Besides narrative nonsense, there’s also some generally questionable movie-making going on. Wires are plentiful and obvious in flying scenes, which is so antithetical to Superman’s famous tagline “You’ll believe a man can fly”. Also plentiful is an abundance of obvious product placement. This is something I usually don’t notice or care about, but it’s so blatant here that it’s impossible to miss. In other silliness, Selena and her sidekick live in a spooky carnival for some reason (what’s with that, 80s?), and a love potion figures prominently in the plot.

Supergirl is rightfully considered a terrible movie, so the real question that remains is whether it’s worthwhile on some other level. It’s certainly campy and weird, and historically significant in the history of comic book movies due to its universe-expansion and female lead, and I think those are all elements that could make it worthwhile for many viewers.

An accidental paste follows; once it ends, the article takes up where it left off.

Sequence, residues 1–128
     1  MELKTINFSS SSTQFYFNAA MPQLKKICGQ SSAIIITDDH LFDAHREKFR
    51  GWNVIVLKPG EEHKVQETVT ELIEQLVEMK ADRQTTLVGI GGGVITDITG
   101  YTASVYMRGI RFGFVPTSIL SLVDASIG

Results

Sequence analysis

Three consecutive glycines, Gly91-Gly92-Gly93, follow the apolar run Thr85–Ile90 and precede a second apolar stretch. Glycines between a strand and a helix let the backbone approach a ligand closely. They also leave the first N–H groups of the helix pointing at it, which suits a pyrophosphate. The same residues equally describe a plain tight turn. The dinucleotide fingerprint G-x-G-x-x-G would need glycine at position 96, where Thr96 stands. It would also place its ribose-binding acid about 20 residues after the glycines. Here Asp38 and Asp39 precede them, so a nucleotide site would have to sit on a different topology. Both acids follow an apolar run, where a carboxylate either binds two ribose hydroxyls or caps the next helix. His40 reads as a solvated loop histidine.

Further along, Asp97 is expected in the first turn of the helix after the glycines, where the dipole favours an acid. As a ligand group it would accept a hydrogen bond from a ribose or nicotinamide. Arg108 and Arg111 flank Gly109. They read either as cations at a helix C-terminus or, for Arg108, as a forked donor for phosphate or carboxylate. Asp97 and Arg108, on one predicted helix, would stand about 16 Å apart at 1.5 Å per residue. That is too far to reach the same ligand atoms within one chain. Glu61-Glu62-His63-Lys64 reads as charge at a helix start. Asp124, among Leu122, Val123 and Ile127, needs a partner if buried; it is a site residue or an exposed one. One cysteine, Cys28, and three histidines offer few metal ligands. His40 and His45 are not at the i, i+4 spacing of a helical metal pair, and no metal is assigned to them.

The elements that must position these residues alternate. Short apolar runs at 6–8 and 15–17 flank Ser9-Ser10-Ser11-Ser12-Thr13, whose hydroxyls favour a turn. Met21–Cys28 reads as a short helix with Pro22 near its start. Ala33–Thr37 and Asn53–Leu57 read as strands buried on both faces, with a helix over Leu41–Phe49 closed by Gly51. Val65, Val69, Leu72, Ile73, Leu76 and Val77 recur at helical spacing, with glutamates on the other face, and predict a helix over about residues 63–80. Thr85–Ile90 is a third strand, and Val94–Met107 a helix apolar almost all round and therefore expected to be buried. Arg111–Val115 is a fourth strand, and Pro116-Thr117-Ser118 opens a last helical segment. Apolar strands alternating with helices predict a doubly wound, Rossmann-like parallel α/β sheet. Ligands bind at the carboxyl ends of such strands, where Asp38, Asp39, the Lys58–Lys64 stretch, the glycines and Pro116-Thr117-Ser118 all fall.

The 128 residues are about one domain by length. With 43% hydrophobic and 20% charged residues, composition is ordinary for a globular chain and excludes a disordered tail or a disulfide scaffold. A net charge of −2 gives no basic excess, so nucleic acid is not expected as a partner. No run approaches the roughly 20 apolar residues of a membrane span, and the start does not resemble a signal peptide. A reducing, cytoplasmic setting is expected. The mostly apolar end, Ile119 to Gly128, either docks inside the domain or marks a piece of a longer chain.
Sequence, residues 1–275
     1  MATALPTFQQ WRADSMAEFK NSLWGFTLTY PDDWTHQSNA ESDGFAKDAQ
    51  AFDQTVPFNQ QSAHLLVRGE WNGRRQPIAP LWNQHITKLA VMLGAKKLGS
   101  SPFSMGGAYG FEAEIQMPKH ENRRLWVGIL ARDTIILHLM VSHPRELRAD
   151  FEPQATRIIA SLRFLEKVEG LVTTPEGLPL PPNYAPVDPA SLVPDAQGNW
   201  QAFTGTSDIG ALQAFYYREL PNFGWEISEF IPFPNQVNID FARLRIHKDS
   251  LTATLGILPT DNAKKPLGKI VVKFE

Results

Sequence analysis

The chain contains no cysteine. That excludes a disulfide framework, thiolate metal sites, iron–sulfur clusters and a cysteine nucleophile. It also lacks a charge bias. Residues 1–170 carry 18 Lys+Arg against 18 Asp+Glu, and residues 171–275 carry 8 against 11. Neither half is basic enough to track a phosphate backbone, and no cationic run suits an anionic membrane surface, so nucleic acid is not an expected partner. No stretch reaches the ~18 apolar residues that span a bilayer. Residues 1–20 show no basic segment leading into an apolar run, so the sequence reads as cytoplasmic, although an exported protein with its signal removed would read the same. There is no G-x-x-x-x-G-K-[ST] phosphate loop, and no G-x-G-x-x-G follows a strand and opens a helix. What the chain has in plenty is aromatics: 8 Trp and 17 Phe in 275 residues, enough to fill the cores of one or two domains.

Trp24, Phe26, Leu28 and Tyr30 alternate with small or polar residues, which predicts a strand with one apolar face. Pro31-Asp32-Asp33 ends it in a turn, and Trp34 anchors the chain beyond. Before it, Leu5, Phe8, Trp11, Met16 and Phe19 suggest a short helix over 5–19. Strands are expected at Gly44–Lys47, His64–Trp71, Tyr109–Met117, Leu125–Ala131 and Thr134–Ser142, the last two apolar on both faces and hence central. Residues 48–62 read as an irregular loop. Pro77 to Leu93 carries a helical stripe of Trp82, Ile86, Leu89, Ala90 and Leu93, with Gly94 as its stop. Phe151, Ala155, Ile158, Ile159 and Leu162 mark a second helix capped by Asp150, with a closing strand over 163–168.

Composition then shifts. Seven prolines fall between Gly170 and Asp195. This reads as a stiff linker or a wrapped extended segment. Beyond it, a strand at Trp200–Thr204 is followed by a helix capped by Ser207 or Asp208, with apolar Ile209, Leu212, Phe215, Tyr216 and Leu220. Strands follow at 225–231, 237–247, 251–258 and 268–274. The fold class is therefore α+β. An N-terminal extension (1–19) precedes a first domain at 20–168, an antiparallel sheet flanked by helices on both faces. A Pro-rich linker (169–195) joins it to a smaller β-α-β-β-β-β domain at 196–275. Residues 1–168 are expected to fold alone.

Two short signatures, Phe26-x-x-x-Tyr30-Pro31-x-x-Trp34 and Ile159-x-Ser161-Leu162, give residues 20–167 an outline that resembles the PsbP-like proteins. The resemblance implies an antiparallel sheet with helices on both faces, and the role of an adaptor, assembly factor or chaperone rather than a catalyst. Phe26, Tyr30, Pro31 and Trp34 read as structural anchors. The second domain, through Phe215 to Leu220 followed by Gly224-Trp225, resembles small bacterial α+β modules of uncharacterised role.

DC still hasn’t figured out the whole expanded cinematic universe thing by a long shot, but 2017’s Wonder Woman did it pretty successfully, and with a female character. Supergirl herself was successfully reintroduced into DC’s television universe beginning in 2015, as well as in animated form as part of the DC Superhero Girls line. As the character endures and finds new fans, I think this film will always be able to find an audience.

The Package — Superman: Extended Cut